Video: Flaming hash explosion follows High Times concentrates panel
Last Saturday at the High Times Medical Cannabis Cup, I sat in on panel of experts discussing the pros and cons of smoking concentrates extracted by using solvents such as butane and isopropyl alcohol. Little did I realize that only days later, I would experience the risks that come from working with flammables, courtesy of some mutant wax that could easily have turned me into a ball of fire, as seen in a video below.
While I didn't really have much to offer on the panel aside from some patient perspective and comic relief in the form of my bearded disguise, Dr. Alan Shackelford, Dr. Bob Melamede and hash experts Selecta Nikka T and Daniel de Sailles shared a wealth of knowledge on the subject.
For over an hour, we discussed the possible health issues of residual solvents left in hash, the pros and cons of using volatile chemicals for the extraction, and where the industry is going in terms of safety. The panel's conclusion? Solvent-extracted hash is beneficial medicine, but it's also only as good as the materials used to make it. And yes, there are some very real dangers.
High Times panel.
"I think they are all good for you, as long as you're not using anything that's bad," said Melamede. "If you're using dirty ethanol and you do an ethanol extract, you're going to get a dirty concentrate. If you use dirty butane...then any residues that might be in there that are themselves not volatile will be left over. Like anything else, it's garbage in, garbage out. If you put something good in, then what comes out is good."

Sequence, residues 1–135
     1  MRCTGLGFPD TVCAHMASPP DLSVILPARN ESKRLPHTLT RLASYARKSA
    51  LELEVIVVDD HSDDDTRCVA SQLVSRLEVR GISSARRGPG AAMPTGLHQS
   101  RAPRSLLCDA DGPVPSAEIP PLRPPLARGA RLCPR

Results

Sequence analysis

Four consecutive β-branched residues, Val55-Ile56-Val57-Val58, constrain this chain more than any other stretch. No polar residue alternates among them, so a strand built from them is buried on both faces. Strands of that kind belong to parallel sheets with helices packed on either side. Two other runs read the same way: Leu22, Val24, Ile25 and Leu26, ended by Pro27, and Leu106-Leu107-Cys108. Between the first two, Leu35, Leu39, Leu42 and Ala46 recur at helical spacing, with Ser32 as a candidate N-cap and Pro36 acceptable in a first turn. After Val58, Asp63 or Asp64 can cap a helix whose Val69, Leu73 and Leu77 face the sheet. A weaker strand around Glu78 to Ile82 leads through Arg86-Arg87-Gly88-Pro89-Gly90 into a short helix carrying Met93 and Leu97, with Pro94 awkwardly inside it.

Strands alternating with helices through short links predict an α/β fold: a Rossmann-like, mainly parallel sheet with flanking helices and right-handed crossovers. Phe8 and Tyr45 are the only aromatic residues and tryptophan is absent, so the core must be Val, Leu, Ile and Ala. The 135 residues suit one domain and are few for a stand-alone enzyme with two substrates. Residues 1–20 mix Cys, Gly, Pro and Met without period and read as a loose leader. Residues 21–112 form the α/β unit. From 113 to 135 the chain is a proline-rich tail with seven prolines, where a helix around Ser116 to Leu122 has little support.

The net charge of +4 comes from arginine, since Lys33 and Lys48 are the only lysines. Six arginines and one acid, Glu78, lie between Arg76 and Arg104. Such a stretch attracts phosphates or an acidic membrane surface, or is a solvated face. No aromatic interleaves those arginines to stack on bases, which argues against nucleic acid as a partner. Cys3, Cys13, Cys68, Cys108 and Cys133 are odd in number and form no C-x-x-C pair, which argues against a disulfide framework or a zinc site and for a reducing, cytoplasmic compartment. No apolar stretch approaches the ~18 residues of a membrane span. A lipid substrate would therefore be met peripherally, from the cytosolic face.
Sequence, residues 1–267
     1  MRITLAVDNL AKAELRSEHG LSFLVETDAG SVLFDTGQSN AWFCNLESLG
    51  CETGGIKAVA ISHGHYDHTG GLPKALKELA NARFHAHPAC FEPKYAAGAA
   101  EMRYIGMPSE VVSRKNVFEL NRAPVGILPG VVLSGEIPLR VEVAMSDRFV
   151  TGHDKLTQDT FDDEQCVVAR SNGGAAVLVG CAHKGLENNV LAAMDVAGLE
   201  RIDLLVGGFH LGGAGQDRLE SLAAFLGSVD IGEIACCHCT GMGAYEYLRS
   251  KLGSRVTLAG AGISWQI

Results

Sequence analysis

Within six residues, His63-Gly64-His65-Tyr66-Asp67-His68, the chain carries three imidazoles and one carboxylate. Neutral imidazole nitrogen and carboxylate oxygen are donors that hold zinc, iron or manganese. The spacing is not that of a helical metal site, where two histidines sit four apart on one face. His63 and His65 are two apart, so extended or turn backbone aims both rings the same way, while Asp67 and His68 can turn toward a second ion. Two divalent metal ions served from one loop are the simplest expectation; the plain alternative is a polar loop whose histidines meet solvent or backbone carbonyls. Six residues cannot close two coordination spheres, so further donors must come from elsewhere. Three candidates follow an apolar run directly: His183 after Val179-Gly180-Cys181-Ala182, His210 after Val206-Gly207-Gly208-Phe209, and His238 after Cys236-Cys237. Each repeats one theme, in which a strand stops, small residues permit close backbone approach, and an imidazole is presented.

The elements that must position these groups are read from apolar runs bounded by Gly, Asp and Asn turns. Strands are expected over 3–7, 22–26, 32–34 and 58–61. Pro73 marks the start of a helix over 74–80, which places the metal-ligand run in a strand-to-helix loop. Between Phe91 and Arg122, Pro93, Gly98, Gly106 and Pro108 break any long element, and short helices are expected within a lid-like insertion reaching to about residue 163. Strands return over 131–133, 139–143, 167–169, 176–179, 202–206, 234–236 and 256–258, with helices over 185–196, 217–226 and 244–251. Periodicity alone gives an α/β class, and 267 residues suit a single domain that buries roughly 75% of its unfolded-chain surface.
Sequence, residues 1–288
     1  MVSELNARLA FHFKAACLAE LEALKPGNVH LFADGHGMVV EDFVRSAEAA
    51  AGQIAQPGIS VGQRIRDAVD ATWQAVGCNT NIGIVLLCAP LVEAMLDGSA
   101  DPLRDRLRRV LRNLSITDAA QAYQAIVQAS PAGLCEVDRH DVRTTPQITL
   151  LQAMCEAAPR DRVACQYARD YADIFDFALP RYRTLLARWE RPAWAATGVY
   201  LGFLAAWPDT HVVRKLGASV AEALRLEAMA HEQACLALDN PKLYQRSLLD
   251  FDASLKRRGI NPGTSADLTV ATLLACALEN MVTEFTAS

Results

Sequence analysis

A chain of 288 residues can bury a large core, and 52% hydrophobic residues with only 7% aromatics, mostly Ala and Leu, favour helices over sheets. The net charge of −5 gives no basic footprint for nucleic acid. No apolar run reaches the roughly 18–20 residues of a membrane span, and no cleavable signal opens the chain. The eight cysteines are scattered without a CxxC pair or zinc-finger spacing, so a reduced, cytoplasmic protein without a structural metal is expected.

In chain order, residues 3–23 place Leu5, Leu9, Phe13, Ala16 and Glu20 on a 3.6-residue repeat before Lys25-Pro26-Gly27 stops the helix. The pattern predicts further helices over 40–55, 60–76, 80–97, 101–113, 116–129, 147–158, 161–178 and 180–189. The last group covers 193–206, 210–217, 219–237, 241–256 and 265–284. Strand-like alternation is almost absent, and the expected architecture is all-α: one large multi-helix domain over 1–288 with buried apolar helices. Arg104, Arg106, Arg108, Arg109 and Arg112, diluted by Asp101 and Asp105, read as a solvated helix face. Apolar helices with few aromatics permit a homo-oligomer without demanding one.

Melamede also talked about the quality of the cannabis being important.
"If you have pesticides on your plant material, that is going to come off into that solvent. So when you evaporate the solvent, you'll actually be concentrating those things. And that is the real danger. Pesticides are typically extremely nasty in how they can affect your nervous system and potentially your immune system."
Though he was a bit more skeptical about using solvent-extracted hash without any scientific data to show its safety, Shackelford agreed that when properly made, it's probably no better or worse than other forms of hash.
"I have seen a number of patients who use concentrates...with great success for a number of different conditions," Shackelford said. "If you're heating it up and it's vaporizing or being burned, that butane is pretty much gone. Any residual [butane] would not be a problem." But what can be a problem is concentrated pesticides, herbicides or chemicals left over from impure solvents.
BHO from Top Shelf Extracts.
At one point, a patient in the audience got up and said that she had health problems from smoking too much BHO. After going to the hospital because her throat was swelling shut, she was told that an irritant had coated her throat -- likely from her smoking. She admitted that she wasn't told it was a direct cause of the butane, but said it was a wakeup call to be more aware of what she was smoking. Both doctors agreed that it was likely something other than the butane that caused her health problem.
The panel also discussed public perceptions of butane hash, as well as the increasing numbers of home fires caused by the extraction method, including a blaze in Breckenridge a few years ago. It's an unfortunate reality. People are going to blow themselves up making this stuff if they aren't careful. As Black mentioned, it's a lot like creating a batch of bathtub gin.
You can watch the video of the talk for more tips, but the two most important take-aways were: Keep away from open flames and don't be stupid.
Page down for more on the panel's discussion plus videos of the panel and that flaming hash.